The dubious Grayscale Nahmi Trust (here on out, GNT) and Grayscale Theta Trust (GTT) filings were very similar to those of the genuine Grayscale Bitcoin Trust (GBTC) and Grayscale Litecoin Trust (GLTC). For example, they are all registered at 251 Little Falls Drive in Wilmington, Del. (ZIP code 19808).
The key difference was in the type of entity set up. While GBTC and LTC (-7.37%) were registered as Statutory Trusts, GNT and GTT were registered as Limited Liability Companies, a detail which “raises questions,” said Sarah Brennan, a corporate and securities attorney at Harter, Secrest and Emery.
Indeed, of the 34 “Grayscale” trusts registered with the Delaware Division of Corporations, only two were registered as LLCs. These are the entities that Grayscale said it did not set up.
Eight of the registered statutory trusts match existing Grayscale products: BTC (-2.41%), BCH (-6.51%), ETH (-5.63%), ETC (-0.85%), ZEN, LTC, XLM (-9.2%) and ZCH. A ninth, its XRP (-13.99%) Trust, was dissolved earlier this year as a result of a Securities and Exchange Commission suit against Ripple alleging its sales of the cryptocurrency violate federal securities law.
Another 23 of the registered statutory trusts are on a list of assets that Grayscale is “currently considering,” according to a February post on Medium.
The remaining two: Theta, filed in February 2021 and Nahmi (again, sans the coin’s second “i”), filed in April 2021.
It’s conceivable that these apparently fake entities were set up in hopes that the news media would discover and report their existence, with the ultimate goal of pumping the prices of these tokens.
This sort of move was almost inevitable, said Brennan, who called it “classic crypto marketing.”
She pointed to a January CoinDesk article about possible future trusts (the article precedes Grayscale’s Medium post), saying these trust filings easily lead to speculation around whether certain assets might become part of a new investment vehicle.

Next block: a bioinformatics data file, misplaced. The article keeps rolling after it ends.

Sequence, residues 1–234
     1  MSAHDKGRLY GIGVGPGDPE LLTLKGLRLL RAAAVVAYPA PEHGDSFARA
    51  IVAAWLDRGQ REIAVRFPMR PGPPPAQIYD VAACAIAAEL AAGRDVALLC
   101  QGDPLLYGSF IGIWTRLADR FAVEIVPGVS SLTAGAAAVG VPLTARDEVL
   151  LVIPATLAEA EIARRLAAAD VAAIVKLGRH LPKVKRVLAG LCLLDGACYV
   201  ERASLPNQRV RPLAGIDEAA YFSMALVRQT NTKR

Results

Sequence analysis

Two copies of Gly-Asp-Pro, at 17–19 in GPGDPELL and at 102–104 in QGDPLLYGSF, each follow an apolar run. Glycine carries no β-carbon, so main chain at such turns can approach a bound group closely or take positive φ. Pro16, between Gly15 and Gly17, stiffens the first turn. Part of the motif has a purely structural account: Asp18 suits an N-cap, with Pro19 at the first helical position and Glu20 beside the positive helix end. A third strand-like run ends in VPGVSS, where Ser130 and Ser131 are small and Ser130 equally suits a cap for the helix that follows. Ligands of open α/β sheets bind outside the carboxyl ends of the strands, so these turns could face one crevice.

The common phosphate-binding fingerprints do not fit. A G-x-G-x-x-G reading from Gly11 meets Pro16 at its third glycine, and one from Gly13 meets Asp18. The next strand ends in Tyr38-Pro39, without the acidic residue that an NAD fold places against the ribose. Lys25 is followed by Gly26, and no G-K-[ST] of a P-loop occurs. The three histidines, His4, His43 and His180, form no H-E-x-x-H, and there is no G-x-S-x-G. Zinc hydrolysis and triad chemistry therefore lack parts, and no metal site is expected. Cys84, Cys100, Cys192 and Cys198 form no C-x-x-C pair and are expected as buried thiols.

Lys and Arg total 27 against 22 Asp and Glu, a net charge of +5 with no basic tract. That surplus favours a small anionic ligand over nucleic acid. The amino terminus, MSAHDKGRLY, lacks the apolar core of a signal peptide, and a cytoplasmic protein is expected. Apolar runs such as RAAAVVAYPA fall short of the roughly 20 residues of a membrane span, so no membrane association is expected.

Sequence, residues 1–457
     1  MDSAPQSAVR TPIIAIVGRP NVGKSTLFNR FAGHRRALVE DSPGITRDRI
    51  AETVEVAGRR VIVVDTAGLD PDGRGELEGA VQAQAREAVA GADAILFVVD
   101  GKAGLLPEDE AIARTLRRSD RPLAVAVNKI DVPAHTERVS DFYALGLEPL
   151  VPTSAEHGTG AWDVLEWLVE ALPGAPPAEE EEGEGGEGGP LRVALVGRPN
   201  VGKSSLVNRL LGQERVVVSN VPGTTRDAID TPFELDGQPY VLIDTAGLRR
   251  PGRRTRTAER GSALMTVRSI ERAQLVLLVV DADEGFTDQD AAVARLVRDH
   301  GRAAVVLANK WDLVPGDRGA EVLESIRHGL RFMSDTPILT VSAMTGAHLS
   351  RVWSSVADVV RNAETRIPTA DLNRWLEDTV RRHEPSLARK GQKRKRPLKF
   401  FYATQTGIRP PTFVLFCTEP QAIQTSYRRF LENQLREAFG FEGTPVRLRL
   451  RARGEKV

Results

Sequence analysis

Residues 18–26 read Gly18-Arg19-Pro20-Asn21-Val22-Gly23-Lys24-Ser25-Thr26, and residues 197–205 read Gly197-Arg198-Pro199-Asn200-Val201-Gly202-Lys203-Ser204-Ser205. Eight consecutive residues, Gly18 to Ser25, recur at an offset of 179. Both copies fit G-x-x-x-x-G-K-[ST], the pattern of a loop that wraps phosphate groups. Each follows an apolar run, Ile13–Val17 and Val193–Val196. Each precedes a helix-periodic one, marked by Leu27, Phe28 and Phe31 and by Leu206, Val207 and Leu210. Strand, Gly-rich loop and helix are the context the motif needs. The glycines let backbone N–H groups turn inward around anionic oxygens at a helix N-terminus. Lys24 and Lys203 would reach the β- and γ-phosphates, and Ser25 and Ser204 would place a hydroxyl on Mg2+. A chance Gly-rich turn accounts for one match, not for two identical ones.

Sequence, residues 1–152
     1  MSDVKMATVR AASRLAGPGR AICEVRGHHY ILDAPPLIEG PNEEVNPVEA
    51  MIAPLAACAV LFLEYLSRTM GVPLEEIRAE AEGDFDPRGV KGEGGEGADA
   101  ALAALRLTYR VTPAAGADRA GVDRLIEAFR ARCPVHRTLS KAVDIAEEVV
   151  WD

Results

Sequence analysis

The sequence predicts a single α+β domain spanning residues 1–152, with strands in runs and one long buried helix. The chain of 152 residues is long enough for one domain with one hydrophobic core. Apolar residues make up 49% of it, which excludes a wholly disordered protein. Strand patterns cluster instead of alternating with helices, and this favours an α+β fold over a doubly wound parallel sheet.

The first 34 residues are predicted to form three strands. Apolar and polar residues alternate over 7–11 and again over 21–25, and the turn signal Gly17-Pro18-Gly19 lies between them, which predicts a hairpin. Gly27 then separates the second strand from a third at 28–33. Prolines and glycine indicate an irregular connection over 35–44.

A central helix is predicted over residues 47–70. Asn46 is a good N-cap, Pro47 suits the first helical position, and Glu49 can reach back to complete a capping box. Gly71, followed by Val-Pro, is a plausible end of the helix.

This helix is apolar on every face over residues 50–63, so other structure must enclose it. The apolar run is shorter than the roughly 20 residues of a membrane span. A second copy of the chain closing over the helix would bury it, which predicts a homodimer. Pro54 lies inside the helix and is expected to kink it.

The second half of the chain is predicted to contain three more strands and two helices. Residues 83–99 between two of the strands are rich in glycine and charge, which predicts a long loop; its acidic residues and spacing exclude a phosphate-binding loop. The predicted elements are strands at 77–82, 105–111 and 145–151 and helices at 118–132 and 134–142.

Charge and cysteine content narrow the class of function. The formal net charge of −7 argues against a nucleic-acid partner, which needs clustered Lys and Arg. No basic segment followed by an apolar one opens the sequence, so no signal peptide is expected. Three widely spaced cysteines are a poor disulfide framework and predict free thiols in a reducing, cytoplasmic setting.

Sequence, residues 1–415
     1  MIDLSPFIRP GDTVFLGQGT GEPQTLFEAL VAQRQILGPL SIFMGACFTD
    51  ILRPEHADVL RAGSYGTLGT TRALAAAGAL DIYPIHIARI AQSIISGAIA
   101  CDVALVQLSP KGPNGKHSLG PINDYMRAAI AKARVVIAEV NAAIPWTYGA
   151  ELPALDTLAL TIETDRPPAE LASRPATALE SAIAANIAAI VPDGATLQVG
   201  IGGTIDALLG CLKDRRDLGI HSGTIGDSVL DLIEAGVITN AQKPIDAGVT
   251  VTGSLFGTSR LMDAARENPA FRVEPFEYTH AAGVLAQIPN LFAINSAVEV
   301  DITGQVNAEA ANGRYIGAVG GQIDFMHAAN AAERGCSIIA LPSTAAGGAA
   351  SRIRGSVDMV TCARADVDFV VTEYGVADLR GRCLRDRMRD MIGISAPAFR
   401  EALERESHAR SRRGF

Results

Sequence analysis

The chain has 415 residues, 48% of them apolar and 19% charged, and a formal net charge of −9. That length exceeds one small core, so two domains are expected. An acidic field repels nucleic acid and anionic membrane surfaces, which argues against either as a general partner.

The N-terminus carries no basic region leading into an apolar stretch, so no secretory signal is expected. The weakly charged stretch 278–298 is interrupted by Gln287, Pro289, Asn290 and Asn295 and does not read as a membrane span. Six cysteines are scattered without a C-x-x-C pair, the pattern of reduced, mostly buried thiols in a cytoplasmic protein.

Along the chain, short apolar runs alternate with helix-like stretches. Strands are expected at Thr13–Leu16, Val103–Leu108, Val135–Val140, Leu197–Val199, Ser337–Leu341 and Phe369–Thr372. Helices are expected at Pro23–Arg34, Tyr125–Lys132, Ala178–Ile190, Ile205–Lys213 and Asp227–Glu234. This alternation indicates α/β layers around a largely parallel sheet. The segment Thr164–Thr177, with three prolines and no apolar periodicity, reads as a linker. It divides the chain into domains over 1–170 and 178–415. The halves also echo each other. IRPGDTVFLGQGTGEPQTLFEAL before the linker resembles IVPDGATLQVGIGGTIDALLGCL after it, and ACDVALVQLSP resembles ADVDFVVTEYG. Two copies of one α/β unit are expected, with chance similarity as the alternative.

If pumping Nahmii was the motive, the plan worked: According to CoinGecko, NII’s price more than doubled on Tuesday, after the erroneous CoinDesk article was published, hitting a peak of $0.0148. As of press time, it traded at half that price, around $0.0075. It’s still up dramatically over the past month however.
Theta has also risen in price over the past few months, though there doesn’t appear to be any correlation between the filing of the fake Grayscale Trust and the token’s price.
It is difficult to determine the ownership of an entity formed in Delaware, Brennan said.
While there are a few limits on what entities can be formed – for example, Delaware might not allow a new entity to be created that has a “confusingly similar” name to an existing company or product – pretty much anyone can set up an entity in the state, said Brennan, who also leads the digital asset practice at Harter.
“You can form basically any entity that isn’t taken,” she said. In “Delaware and the other states, their concern is ‘does this entity exist in my state?’ only. If not, ‘yes you can pay me to set this entity up.’”
Companies can try to prevent this by reserving names for a period of time or registering an entity without having it immediately up and running, she said.